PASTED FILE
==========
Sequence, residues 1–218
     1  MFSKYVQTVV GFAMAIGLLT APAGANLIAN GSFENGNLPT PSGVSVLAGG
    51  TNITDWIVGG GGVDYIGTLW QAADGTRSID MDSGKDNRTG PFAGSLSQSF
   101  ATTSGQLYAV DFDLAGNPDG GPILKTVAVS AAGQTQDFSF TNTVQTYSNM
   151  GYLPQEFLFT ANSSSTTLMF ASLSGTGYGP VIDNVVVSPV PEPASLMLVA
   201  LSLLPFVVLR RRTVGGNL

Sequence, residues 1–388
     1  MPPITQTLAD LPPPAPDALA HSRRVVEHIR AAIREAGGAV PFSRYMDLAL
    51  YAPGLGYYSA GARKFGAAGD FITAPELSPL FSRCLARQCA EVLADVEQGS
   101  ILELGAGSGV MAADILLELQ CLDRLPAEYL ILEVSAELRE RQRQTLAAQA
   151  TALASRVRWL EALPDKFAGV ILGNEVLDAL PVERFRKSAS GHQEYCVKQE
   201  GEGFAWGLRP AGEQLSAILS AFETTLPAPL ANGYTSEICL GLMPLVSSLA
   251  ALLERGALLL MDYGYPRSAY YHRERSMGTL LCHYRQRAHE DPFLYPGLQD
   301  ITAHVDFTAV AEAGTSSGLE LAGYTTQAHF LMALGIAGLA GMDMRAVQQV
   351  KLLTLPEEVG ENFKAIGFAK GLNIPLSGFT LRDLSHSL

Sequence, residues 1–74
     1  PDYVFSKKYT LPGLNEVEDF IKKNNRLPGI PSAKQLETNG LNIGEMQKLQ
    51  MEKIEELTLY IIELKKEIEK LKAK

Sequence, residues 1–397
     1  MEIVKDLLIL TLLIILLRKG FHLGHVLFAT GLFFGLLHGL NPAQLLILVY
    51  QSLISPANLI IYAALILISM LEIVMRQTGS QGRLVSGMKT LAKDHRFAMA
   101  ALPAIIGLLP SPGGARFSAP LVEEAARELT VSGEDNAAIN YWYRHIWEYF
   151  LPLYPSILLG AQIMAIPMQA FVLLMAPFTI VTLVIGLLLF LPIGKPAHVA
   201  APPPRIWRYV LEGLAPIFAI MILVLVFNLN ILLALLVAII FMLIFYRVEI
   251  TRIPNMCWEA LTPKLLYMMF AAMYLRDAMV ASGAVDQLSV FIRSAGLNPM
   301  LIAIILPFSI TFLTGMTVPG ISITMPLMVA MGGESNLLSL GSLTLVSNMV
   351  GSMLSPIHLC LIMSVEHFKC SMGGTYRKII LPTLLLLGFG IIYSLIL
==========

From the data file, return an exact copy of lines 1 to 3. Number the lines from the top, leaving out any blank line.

Sequence, residues 1–218
     1  MFSKYVQTVV GFAMAIGLLT APAGANLIAN GSFENGNLPT PSGVSVLAGG
    51  TNITDWIVGG GGVDYIGTLW QAADGTRSID MDSGKDNRTG PFAGSLSQSF